“On my own, yes,” Esca told him with confidence. “But with a soldier and a woman and a wolf in tow... I think not. In this weather, I am sure I can walk right up to the place, if I go alone. They will never know I’m there.”

“Very well then,” Marcus said, reluctantly. “We will wait here, with Cub. You go and find out what may be found.”

Esca ducked his head. “I’ll come back and meet you later – under that tree, I should be able to find that again.”

“Good luck,” Cottia said, her face pale and eyes wide and determined.


It was almost like being at home again, moving up towards the crest of the hill through the fog, with the moisture starring on his eyelashes. The same thin soil and heather over hard stone, the same distant sea-smell on the wind-driven fog.

It reminded Esca of cattle raids, long ago, creeping through the mist, alert for the least sound that might warn him that defenders were ahead, in that long-ago time when raiding had been nothing but a sport – a dangerous sport, and one that might kill a man, but nothing more. But that was before red death and dishonour and slavery had cut across everything. It was strange to remember being such a fool, now.

The fog was a fine refuge, but he did not know this land well – only what he had seen from a distance over the last few days. That dull rumbling – was that a cart moving up the road, or stone being moved from the mine on the western flank of the hill? Esca crouched and held still for a moment. A standing man would be easier to recognise through the mist. Yes, the sound must be from the mine. It was hard to judge what you were hearing when the fog blew past in veils, unpredictably thick or thin.

Someone had been cutting gorse here: the hillside under Esca’s feet was studded with stubbly gorse-stems. For firewood, or to open up the line of sight for spearmen? Both maybe. He peered cautiously through the mist: the ditch and rampart could not be far away. Would they have men watching outside the walls in such conditions?

Voices. Voices in the fog. Ahead and...to his right? Yes, definitely off to the right. That could be the gate. And now he could see a darkness in the ground ahead – that would be the ditch, and behind it for a moment as the blowing mist thinned, the mass of a great wall. The ditch had been cleared recently, and the spoil piled on the ground, but fortunately there had not been enough rain for it to fill with water.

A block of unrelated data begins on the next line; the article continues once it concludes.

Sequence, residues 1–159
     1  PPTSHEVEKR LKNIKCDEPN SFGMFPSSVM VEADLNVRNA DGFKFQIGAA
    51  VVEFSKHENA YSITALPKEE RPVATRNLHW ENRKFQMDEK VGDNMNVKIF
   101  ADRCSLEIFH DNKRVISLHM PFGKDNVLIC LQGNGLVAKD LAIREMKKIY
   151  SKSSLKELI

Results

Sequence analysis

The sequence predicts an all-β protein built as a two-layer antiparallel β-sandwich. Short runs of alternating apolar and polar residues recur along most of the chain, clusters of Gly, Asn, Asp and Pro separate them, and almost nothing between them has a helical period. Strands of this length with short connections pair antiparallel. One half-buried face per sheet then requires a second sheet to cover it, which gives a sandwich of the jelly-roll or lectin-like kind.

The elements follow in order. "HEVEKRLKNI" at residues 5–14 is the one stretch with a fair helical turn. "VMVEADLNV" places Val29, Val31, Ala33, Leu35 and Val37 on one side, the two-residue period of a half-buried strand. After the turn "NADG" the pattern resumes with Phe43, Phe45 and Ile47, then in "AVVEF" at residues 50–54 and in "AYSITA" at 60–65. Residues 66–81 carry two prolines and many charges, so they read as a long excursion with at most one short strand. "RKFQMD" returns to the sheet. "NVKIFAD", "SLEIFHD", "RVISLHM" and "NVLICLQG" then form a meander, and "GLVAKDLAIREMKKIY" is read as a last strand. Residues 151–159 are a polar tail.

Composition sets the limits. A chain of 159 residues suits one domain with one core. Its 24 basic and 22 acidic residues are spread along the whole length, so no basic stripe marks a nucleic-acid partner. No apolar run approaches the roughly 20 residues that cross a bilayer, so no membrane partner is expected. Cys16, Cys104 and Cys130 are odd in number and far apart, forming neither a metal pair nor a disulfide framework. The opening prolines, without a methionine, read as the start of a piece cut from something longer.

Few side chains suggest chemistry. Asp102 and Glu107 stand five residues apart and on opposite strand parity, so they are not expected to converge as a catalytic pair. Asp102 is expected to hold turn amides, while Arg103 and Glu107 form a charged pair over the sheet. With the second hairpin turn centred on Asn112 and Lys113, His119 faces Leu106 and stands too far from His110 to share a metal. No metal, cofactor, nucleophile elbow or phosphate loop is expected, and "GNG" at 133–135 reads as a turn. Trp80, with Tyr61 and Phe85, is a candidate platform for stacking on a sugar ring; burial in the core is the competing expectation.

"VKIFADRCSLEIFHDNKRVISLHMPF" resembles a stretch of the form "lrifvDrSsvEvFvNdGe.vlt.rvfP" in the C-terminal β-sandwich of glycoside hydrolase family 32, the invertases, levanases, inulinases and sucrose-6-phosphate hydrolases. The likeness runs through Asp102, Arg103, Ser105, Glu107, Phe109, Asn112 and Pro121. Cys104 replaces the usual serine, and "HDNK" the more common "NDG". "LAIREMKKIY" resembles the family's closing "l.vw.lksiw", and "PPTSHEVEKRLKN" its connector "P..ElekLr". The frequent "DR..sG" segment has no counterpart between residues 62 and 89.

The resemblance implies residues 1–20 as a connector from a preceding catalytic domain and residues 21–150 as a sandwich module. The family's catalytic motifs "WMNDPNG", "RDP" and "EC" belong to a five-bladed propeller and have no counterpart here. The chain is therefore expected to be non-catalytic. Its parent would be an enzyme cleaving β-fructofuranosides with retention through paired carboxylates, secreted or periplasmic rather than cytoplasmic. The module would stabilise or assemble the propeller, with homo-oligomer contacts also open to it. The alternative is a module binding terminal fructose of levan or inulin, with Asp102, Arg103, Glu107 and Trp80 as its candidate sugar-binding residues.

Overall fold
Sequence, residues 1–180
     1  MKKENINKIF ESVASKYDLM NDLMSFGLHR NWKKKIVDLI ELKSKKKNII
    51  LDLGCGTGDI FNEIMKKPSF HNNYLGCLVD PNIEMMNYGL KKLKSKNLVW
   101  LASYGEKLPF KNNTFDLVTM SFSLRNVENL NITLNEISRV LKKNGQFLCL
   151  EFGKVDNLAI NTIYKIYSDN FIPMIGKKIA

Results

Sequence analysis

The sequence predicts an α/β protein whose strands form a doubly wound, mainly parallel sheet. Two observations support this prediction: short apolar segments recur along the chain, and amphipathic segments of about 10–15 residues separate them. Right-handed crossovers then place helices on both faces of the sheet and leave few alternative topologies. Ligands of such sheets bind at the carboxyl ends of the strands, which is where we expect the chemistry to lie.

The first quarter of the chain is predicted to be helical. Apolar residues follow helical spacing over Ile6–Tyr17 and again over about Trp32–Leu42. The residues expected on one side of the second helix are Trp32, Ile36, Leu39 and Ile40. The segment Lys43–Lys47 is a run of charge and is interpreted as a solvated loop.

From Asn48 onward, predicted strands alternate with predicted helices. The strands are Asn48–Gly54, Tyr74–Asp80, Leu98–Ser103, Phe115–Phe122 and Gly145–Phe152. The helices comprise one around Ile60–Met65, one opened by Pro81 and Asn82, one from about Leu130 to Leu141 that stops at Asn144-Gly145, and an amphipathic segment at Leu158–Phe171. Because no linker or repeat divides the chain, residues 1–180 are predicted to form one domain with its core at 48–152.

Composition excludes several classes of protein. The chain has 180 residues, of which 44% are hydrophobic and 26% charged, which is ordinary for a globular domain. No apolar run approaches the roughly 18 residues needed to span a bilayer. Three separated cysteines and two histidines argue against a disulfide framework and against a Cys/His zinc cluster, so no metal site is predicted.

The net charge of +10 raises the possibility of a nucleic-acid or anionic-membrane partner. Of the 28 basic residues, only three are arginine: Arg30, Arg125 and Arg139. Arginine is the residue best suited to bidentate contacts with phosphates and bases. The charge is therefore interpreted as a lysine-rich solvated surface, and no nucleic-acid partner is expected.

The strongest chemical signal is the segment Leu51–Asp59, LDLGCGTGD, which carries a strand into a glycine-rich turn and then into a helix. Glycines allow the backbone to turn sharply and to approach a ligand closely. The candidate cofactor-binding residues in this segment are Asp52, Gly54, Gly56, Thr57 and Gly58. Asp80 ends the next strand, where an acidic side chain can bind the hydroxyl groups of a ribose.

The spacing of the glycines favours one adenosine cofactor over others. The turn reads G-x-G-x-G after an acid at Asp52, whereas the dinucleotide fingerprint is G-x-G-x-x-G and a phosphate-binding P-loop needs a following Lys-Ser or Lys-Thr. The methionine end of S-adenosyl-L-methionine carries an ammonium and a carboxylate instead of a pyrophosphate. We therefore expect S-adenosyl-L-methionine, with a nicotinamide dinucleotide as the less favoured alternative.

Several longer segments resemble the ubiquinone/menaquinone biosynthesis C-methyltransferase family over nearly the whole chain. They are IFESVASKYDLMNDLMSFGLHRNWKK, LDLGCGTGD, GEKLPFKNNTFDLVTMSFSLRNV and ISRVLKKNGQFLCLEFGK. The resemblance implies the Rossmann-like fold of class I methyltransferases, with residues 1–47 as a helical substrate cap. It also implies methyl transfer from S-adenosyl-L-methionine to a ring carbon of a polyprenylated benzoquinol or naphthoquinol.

Esca ducked down cautiously into the wide sunken trench and inspected the wall. It was sheer but grass-grown: an awkward climb, but not an impossible one, not if he took if carefully. The fog folded around him quietly, as if Manannan himself had cast his cloak of mists around him. Esca began to climb.


Esca slipped over the wall into a damp and dubious spot behind a woodstore. He had been expecting to find something like his father’s Dun, in that last month or so before the Legion of the Boar had torn their way into it: a rallying point for five hundred spears, busy with chariots, slaves, servants and supplies. He had been ready to slip into the bustle and look busy.

But this was a smaller place by far. He could see much of it despite the fog and the smoke that leaked from the rooftops and mingled with it: a few round stone buildings, two barns, and near Esca’s woodstore, smoke cured through the thatched roof of a rough wooden building which must surely be intended as the Great Hall of the place. Esca was fairly sure that his mother would have called that a barn, too.

There were people about: a couple of women – probably slaves, from their dress and bare feet – huddled near the warmth of a bake-oven, a few men unloading sacks from a small cart pulled by a very shaggy pony. He could hear people inside the buildings, too, but where were all the warriors? The place did not look lived-in. The buildings looked new enough, but it was too clean. No house had its own patch of leeks and onions growing by the door, and there were no bean-poles. This must be a place that was only used from time to time: it could not be anyone’s home.